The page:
For centuries women in Ireland have held positions of power and to get there many have had to be ruthless. Were they inspired by the supernatural? ANN MASSEY O’REGAN takes a look at the Irish Femme Fatale.

Sirens of the Irish Shores

The word Merrow comes from the old Irish Moruadh meaning ‘sea maid’.  Merrow women have radiant hair and from the waist down the shiniest verdigris scales on an impressive fish tail.  They are breathtakingly beautiful and have the most harmonious singing voices – and if you make them mad they will kill you.
Poor unsuspecting males would be lured into the sea by the enchanted music of the mermaids, taken beneath the waves to live in captivity.  In the event one escaped, they would incur the wrath of the scorned Siren and be pursued and drowned, or in some cases, devoured.
Sometimes on a bad day, you didn’t need to have done anything at all to these bad tempered wily sea maids in order to incur their wrath.  They would take pleasure in brewing up storms and shipwrecking and drowning innocent sailors just for crossing their watery path.
Spare a thought for one such misfortune, Roth, a son of one of the Fomorians, the demi-gods of chaos.  Roth was scouting the borders of the Fomorian lands when the Merrows took umbrage at his presence.   It started off pleasantly enough when the seemingly innocent beauties lulled him gently to sleep with their enchanting melody, however they then tore him limb from limb and joint from joint, sending his thigh floating to what has now become known as Waterford.


Read: Catherine Wilson, the killer nurse


If you stumble upon the Merrow, your only course of action is to grab a hold of the special cap they wear called a cohuleen druith.  This holds the power they need to live under water and by taking it you prevent the Merrow women from ever descending the waves again.  That is unless the vocal magic of the Siren hasn’t already ensnared your senses and doomed you to a life at the bottom of the sea.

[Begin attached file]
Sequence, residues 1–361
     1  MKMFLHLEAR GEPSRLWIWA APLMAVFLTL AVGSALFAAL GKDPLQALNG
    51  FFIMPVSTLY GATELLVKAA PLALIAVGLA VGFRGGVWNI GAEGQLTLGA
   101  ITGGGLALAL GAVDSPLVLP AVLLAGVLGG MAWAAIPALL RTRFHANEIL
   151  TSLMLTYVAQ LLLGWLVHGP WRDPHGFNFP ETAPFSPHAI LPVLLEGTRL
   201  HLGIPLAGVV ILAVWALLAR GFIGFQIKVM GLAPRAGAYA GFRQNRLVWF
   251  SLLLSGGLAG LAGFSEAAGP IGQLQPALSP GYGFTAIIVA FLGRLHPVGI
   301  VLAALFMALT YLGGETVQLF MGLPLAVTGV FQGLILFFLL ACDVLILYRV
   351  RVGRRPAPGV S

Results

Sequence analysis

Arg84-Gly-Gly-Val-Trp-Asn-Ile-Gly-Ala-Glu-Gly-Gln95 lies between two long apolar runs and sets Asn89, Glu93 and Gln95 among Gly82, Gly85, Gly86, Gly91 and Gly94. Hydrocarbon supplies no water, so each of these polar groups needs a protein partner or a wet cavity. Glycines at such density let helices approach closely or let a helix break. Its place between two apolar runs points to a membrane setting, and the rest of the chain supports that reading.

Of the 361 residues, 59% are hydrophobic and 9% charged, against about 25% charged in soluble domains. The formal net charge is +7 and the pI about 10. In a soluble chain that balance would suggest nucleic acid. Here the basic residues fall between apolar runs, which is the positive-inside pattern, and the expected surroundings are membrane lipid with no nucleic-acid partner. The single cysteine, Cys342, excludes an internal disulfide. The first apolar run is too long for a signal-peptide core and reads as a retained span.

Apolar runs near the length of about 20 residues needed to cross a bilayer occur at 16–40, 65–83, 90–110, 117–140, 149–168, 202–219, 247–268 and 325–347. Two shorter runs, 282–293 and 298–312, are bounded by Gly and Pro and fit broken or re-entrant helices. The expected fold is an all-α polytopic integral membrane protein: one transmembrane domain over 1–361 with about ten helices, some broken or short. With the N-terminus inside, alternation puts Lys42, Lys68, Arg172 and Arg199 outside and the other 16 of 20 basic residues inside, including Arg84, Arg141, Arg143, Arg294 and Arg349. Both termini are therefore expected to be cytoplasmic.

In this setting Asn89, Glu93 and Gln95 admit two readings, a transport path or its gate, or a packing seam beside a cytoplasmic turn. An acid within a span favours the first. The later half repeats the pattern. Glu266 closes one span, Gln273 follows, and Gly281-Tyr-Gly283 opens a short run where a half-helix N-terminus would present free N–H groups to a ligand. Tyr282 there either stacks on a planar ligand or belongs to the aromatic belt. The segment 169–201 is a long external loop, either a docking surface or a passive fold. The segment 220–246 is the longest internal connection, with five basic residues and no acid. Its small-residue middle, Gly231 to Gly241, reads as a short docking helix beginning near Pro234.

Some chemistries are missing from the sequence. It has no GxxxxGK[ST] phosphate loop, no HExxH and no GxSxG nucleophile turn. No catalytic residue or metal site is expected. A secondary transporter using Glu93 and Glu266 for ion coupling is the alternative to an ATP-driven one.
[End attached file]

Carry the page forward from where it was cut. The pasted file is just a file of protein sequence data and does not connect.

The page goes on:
The Demon Bride

There are few greater superstitions and fears in Ireland than those associated with death.  It comes as no surprise then, to learn of a ‘Demon Bride’ stealing the life force from grieving men.
The Demon Bride has been terrorising male funeral goers for at least two hundred years and the bodies of her tragic victims lay buried in the very churchyard where their fate was sealed.
Errigal-Truagh Graveyard in County Monaghan is the location of this malevolent spirit who brings heartbreak to the locals.  It is said that the ghoul lies in wait as the deceased are laid to rest and the mourners slowly make their way from the graveside. When a young man falls behind, the evil spirit manifests as a beautiful young woman who encapsulates all the desires of the naïve male.
Rousing the ill-fated prey with ardour and yearning, the Demon Bride exacts a promise from the smitten man that he will meet her a month precisely from that day in the very graveyard that they met.   She seals the promise with a passionate fiery kiss, sending waves of lust and longing pulsating through his veins, rendering him irresistible to her advances.
The moment the promise has been made by the willing victim the spirit disappears.  Dazed and confused, the young man makes his way to the gates of the graveyard whereupon his blood runs cold as comprehension turns to horror and despair when he realises he has sold his body and soul for a kiss.
As dismay and terror take a hold of his sanity, the unfortunate youth descends in madness, each minute reliving his downfall and awaiting his ultimate demise.
One month to the very day of his costly mistake, the crazed young man dies in his own ravings and insanity and is buried in the very place he met the Demon Bride, his promise fulfilled.

Dearg Due, Female Vampire of Revenge

Arranged marriages have never been uncommon in Ireland and this story is no exception.  A beautiful young woman had fallen in love with a local boy, but her father had promised her hand to a wealthy and notoriously atrocious clan Chieftain in exchange for riches and lands for himself and his remaining offspring.